Filed under: Recaps & Reviews
So a jogger, an ex-cop and a stripper walk into a bar.
While out and about in a farmers market (you read that right!) Dean reads in the local paper that a young jogger had his heart ripped clean out of his chest and was left on the trail. Though Sam is reluctant to take the job since they haven't found Kevin yet, Dean is tired of chasing his own tail for the last week and would rather do some good in the mean time. After speaking with the local police in Minneapolis, the Winchester brothers don't have any leads, just an ex-cop who started speaking a dead language after receiving an eye transplant. Later on when another victim's heart is ripped out by a stripper in Boulder, Colorado the boys rush to get there. Sam uncovers the connection between the victims is that they are all recipients of the same donor, a famous football player named Brick Holmes. After digging into Brick's past, the boys discover that Brick was a Mayan in his first life that made a pact with Cacao, an ancient god that demanded a sacrifice twice a year in return for eternal youth. Now that Brick has finally passed away, his pact lives on in his donors and the boys need cut it off at the source before more innocents became deranged, heart hungry killers.
After two solid episodes, Supernatural has its first dud of the season. Marred by an unusually slow pace, Heartache's plot was stretched thin as events only began to pick up after thirty minutes. Up until that point, Sam and Dean was reminiscent of a procedural crime drama but without any of the actual drama or mystery since we were well aware who each of the killers was from the beginning. Had the story taken the direction of having each character unaware of their actions and being controlled by Cacao it would have been a better spin. Instead, each person just seemed to enjoy their newfound youth except for Arthur, the ex-cop who gave the story its own plot hole. Why were the others so taken while he resisted and gauged out his eye?
Though Supernatural will occasionally have great guest stars, Heartache definitely gave us a mixed bag. Played by Patty McCormack, Eleanor Holmes/Betsy was a good character but never given more time to add dimension. McCormack gave the character as much as it was given. On the other hand, Randa (played by Kyra Zagorsky) was just a weak character unwilling to give up her new power. I was unsure why the writers gave her the back story of a nerd with a bum ticker as it didn't add perspective or make us care more than we had to. Heroes are only as good as their villains and although I don't expect Crowley quality every episode, they can be a lot better than this.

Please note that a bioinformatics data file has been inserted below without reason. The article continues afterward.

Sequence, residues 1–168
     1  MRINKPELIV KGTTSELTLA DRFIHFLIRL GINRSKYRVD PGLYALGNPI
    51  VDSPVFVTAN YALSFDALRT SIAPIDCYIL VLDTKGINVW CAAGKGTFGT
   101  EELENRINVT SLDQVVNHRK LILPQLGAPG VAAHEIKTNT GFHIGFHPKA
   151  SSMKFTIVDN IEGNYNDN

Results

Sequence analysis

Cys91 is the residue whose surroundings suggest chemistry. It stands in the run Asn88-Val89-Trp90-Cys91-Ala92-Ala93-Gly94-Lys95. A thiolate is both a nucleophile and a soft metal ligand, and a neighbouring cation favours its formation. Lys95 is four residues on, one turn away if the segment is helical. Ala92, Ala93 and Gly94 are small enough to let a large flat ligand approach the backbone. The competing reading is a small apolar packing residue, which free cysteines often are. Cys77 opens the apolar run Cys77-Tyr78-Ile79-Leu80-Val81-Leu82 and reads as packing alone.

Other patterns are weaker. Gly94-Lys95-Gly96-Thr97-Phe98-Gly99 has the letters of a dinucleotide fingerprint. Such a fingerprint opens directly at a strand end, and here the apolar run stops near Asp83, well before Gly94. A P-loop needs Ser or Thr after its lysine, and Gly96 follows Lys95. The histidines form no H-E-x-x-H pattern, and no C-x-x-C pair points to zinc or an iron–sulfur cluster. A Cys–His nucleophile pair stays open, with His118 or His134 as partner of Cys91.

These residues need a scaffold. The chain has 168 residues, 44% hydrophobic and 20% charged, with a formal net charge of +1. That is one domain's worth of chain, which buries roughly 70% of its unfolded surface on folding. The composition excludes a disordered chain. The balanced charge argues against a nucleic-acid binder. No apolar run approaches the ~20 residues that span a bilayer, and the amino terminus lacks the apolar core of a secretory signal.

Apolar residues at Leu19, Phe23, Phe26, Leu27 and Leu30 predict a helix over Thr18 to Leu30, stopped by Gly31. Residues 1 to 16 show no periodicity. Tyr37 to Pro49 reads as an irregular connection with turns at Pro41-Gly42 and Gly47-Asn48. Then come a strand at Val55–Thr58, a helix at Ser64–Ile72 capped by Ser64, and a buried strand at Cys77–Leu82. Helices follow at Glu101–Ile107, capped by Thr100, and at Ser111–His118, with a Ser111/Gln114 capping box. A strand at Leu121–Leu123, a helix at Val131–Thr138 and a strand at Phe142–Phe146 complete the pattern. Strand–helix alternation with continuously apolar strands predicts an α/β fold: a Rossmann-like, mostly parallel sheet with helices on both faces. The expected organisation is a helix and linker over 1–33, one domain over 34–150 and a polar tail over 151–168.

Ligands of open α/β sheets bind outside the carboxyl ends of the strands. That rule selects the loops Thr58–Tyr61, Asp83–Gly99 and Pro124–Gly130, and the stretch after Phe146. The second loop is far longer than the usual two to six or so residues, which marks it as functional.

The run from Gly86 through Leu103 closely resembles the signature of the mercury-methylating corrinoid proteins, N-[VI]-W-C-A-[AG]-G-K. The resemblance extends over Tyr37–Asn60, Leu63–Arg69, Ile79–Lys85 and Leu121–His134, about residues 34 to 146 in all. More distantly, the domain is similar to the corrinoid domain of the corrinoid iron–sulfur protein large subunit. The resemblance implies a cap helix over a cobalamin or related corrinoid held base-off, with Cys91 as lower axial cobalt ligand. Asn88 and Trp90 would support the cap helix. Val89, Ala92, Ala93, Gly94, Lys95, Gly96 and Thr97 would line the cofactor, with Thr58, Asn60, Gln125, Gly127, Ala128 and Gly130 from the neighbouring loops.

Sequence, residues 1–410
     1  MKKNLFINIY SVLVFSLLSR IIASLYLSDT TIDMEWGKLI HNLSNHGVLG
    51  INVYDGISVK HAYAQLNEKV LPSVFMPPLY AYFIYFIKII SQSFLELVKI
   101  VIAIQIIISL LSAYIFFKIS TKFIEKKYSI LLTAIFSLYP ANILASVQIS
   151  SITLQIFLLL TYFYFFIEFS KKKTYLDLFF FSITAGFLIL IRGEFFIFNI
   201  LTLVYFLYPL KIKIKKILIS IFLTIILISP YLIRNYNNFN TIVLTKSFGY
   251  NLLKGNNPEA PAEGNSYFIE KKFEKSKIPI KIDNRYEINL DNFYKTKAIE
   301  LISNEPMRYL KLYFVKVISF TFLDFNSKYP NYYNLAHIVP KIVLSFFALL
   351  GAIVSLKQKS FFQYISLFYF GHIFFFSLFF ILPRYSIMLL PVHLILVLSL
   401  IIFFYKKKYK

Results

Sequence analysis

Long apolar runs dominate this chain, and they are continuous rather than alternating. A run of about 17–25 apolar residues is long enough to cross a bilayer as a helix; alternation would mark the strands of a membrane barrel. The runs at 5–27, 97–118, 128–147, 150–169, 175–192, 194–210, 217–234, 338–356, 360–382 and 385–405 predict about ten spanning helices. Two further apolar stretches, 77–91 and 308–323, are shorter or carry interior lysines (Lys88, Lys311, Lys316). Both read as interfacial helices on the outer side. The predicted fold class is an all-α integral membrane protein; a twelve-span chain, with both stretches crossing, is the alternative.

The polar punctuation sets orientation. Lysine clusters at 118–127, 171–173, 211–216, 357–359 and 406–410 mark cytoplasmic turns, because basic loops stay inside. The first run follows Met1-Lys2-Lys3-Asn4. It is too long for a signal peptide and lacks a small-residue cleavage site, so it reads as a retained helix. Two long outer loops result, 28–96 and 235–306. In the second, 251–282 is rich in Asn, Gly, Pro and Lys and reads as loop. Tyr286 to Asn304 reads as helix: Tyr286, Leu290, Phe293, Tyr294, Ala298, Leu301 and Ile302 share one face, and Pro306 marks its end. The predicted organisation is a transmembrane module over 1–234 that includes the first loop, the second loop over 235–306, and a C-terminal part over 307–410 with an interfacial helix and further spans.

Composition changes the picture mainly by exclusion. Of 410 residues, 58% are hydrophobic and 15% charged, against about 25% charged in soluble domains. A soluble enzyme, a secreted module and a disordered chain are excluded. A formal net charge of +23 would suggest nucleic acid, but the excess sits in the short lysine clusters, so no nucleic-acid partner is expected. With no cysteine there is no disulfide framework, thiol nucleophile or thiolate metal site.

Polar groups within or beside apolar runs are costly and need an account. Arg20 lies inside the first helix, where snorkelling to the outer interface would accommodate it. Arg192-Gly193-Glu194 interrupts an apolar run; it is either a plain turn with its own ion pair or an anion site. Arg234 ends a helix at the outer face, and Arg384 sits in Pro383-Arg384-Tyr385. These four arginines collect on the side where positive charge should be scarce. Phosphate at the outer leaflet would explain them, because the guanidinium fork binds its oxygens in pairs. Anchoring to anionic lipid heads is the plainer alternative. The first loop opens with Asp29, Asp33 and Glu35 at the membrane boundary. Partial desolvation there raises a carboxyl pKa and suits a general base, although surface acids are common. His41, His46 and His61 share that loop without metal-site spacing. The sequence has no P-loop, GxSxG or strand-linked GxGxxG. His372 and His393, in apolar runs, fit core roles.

The best part of the episode came at the end when Sam and Dean had their usual car chat. For the first time in years, Dean is happy to be off to the next job, sitting next to his brother with the wind at his back whereas Sam doesn't feel the same. While there have always been stark differences between the two brothers, they could not be more opposite than now. Sam has always wanted a normal life and when everything is done with Kevin he wants to go back but where does that leave Dean? It's been an exciting ride but could it truly end? (Probably not)
Lastly, Sam's memory as he was riding in the car with Dean poorly executed. With the out of focus blur and oversaturated colours, it resembled a dream sequence more a memory and the level of cheesiness was overdone. The memory felt out of place considering the conversation he was having with Dean at the time. If Sam had a trinket that belonged to Amelia that reminded him of her and then the transition followed to the toned down version of his memory, it could serve as a constant reminder of what he left behind and been a more subtle hint of what he was thinking of.
Heartache missed the mark in so many ways that it's best to move onto the next town and the next episode. Maybe werewolves and the found footage genre will bring the excitement with next week's Bitten.